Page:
“I tried to push away the gut feelings I was having – but unfortunately it was true.”
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“Life expectancy is late childhood or early to mid-teens. They said nothing can be done for her.” Source: Provided to Kidspot
“His poor knees are torn to shreds after falling to the ground”
This was just the start of their devastating journey.
On April 9 this year, their hearts were shattered into a million pieces when Hollie was diagnosed with Batten’s disease, a very rare neurodegenerative disease also known as neuronal ceroid lipofuscinosis or ceroid lipofuscinosis (CLN5).
The disease – which sees children having seizures, developing infantile dementia and losing many bodily functions – is terminal and incurable.
Life expectancy is late childhood or early to mid-adolescence.
“They said nothing could be done for her,” Amanda painfully recalls the phone call that changed her life.
“I went numb and in shock…then I collapsed and just cried and cried. We made the bravest faces we could for the girls, but the week and month that followed, we barely worked. It didn’t seem real – I felt like I was on another planet.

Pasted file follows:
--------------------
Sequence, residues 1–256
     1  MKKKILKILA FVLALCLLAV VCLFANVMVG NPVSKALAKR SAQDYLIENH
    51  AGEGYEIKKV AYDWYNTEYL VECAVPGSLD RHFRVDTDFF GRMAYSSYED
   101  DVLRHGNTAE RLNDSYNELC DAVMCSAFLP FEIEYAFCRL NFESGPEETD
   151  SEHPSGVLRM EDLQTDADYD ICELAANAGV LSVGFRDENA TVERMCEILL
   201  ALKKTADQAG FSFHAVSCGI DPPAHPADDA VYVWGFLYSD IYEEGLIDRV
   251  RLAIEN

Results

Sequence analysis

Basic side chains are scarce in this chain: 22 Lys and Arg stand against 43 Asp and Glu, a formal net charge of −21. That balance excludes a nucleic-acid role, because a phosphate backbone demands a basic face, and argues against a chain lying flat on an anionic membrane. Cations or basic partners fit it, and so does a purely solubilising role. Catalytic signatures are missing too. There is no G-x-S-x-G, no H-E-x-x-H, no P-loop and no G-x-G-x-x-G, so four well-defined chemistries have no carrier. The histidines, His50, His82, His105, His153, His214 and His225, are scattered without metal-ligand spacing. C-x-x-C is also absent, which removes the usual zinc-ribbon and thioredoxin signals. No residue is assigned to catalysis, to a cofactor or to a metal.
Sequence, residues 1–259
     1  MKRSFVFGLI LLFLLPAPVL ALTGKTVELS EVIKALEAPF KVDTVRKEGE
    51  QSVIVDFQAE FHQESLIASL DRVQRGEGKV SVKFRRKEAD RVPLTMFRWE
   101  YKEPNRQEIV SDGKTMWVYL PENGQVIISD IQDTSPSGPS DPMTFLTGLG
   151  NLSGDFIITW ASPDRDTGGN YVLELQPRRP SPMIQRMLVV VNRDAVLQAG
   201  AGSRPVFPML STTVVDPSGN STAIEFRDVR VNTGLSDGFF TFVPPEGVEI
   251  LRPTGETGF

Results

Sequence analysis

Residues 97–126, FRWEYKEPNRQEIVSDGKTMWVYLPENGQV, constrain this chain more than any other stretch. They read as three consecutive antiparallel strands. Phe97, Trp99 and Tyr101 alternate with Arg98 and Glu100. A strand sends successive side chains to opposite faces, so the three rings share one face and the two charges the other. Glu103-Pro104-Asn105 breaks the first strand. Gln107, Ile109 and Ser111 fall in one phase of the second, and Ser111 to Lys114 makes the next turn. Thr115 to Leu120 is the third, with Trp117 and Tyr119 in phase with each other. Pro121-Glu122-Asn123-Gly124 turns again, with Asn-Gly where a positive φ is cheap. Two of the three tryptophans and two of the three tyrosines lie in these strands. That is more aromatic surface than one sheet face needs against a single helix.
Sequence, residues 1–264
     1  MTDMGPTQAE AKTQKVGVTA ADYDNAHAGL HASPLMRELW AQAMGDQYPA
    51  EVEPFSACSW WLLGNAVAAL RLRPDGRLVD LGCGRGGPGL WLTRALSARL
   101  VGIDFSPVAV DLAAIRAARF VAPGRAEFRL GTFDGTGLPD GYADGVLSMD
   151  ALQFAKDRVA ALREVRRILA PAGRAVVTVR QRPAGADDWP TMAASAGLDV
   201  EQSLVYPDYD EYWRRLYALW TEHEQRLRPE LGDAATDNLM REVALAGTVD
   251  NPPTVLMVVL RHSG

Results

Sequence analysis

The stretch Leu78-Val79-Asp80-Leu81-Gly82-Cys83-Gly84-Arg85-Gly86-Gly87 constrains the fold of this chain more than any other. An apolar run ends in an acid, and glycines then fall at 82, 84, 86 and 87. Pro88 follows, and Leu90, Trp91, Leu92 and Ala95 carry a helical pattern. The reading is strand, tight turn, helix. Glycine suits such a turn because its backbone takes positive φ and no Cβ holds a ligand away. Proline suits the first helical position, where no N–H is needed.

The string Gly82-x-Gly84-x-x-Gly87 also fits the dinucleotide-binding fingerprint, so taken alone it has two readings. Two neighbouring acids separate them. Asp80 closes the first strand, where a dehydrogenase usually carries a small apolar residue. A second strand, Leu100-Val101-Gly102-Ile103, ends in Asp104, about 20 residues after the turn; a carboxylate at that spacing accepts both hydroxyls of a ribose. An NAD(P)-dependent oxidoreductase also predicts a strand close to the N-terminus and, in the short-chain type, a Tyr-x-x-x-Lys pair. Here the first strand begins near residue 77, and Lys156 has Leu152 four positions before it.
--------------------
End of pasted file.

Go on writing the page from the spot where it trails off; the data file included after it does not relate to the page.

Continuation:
Since the diagnosis, Amanda has watched her once healthy baby girl become increasingly debilitated with symptoms of Batten disease.
“Some days she will have seizures every few minutes and her poor knees are torn to shreds from falling to the floor,” she says emotionally.
“Her speech has also diminished, so if she sees me crying she’ll be like, ‘Mom, sad’.”
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Hollie will eventually lose her mobility and be confined to a wheelchair and her bed. Source: Provided to Kidspot
“The scariest thing is what the future holds for him and seeing everything taken away from him”
As the disease worsens, Hollie will lose her mobility and will be confined to a wheelchair and her bed.
At any moment, she is expected to lose her sight, the ability to speak, eat and swallow.
“Knowing what has already happened, the scariest thing is what the future holds for her and seeing everything taken away from her,” cries Amanda.